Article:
Back on the drawing board, plans were firmed up and now came the fun part of developing the facade of the house. We really like simple, modern, straight lines when it comes to the architecture and aesthetics of a house.
This final elevation really resonated with us and was our dream home right there on paper!
But then the Historic landmark commission weighed in… They did not want the home to have a modern vocabulary in the neighborhood as it did not match its architectural style. The association representative was up in arms about how we were about to destroy the look of the neighborhood!
Samadhi presented them and the historic landmark commission with a detailed comparison to show how incongruous our street was and that we could work together towards a more acceptable design.
A side note on the Historic Landmark Commission . They determine whether the house you purchase is a Historic Landmark or in a Local Historic District or in a National Register Historic District.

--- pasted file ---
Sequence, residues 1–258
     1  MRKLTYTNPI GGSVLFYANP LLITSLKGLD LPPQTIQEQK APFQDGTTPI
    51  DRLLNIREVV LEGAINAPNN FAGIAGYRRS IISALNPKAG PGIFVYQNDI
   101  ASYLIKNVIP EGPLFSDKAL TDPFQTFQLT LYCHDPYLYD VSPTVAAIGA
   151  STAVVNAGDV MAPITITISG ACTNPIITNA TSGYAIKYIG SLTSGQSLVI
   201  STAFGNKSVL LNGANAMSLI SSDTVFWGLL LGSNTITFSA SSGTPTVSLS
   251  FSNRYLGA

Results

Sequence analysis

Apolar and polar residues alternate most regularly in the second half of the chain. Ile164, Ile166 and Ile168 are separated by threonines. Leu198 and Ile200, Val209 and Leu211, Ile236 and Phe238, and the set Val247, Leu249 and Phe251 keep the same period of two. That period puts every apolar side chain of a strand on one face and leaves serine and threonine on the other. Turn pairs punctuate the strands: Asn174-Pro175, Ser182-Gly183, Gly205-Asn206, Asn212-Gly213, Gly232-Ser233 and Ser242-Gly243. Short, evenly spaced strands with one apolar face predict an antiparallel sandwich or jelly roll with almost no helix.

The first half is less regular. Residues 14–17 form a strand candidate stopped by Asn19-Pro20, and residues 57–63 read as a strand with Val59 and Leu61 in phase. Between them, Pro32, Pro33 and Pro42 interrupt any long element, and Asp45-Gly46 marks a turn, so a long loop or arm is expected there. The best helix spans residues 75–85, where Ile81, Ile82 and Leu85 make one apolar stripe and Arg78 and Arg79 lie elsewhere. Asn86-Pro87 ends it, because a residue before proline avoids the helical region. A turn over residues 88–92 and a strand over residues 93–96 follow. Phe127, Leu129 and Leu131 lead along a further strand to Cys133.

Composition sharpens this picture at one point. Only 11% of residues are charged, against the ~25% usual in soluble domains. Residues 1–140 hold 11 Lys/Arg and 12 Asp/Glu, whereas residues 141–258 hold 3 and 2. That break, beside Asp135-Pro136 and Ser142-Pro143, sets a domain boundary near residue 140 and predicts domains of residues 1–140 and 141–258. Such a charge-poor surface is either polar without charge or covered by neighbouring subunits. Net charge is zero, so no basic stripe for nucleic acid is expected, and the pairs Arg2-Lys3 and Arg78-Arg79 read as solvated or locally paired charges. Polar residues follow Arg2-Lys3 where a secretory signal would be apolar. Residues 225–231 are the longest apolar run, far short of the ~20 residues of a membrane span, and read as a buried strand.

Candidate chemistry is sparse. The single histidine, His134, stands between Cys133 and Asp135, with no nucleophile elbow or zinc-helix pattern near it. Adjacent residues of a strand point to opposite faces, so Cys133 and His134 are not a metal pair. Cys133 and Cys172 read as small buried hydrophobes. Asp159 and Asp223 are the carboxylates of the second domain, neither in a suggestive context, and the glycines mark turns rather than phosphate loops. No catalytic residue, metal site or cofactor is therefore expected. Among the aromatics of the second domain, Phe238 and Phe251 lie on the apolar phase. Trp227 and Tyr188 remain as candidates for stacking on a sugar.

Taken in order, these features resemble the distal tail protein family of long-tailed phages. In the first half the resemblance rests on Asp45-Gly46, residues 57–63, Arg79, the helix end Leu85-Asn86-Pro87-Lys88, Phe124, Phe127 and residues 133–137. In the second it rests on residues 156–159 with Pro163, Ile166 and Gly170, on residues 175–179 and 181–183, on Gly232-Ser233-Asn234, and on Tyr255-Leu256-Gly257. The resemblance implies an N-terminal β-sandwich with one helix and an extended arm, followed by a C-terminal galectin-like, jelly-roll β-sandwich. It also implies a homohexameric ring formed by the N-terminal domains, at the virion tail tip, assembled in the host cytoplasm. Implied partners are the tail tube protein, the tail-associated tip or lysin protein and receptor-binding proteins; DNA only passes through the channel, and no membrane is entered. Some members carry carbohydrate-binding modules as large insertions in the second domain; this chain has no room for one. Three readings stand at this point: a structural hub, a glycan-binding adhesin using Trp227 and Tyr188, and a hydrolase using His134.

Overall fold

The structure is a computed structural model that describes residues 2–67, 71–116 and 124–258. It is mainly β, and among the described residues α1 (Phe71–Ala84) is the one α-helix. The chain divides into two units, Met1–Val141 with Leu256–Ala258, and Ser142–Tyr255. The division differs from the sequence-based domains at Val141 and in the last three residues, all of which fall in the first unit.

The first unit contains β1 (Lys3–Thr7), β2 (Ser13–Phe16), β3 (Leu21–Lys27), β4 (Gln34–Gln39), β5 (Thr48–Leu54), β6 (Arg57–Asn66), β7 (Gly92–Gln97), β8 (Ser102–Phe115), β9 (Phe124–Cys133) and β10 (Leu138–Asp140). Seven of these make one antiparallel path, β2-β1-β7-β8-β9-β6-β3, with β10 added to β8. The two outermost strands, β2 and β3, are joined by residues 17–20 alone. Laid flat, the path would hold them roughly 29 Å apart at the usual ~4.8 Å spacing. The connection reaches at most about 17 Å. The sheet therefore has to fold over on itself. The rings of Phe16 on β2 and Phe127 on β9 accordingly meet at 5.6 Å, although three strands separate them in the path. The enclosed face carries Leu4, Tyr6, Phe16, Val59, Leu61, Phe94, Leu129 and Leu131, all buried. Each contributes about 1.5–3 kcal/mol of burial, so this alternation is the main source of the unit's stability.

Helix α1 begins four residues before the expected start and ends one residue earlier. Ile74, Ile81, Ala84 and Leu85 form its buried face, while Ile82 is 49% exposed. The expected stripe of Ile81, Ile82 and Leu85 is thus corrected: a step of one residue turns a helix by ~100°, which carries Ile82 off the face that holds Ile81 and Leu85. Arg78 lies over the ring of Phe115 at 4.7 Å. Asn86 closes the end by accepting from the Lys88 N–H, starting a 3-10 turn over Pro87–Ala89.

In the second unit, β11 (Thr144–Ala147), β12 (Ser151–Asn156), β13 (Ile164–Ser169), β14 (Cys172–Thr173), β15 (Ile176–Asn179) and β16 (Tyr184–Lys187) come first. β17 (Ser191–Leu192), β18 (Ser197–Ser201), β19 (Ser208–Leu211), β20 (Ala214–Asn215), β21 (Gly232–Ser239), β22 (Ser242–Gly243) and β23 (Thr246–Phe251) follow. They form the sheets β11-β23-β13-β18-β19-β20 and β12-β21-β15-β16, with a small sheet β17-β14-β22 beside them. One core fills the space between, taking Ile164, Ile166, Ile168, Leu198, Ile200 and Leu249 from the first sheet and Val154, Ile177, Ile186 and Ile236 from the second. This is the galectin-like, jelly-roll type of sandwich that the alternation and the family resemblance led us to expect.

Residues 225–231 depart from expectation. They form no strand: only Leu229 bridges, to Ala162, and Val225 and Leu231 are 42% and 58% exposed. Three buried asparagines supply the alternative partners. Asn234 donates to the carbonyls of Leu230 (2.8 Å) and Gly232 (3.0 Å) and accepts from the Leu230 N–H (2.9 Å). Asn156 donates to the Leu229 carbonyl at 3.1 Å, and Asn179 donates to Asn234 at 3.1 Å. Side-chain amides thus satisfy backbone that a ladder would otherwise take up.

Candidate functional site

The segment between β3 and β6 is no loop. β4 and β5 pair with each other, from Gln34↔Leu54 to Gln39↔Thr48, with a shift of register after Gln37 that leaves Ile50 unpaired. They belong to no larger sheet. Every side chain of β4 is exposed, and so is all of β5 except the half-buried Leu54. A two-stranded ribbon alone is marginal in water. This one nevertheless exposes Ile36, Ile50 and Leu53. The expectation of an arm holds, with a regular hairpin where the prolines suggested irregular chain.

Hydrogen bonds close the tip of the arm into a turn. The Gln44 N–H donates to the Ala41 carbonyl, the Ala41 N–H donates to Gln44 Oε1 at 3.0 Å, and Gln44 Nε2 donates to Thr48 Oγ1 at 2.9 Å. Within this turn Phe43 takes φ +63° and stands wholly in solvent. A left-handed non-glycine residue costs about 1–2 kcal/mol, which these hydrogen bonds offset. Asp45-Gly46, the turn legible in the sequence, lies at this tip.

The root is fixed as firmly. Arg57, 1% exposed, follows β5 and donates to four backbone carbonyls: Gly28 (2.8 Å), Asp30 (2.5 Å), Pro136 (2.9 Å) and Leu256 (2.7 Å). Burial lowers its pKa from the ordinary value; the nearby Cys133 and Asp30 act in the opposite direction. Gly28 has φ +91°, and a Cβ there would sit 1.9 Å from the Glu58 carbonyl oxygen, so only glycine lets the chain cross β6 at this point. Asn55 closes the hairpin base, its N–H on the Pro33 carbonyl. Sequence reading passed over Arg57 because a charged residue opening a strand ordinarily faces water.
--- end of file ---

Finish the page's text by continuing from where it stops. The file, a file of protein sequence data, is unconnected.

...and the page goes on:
Both Historic Districts and National Registered Historic Districts are comprised of two types of properties: contributing and non-contributing.
A contributing status signifies that the house is integral to the character of the neighborhood. However, some of these houses being from the early 1900’s are in an extremely poor state and can be structurally unsafe. The historic landmark commission conducts a detailed survey and checks if the structure is of any historical and cultural significance.
As our home was contributing but not a historical landmark, we prepared a detailed report about the poor condition of the house and our proposal to build a single family home in its place.
Considering all aspects and other homes being built in the neighborhood, we finally got a demolition permit after 4 months of deliberation at their monthly meetings.
So finally, we modified the look of our home that was more in keeping with the neighborhood and it turned out pretty well.😅
Hope this helps. What’s your story?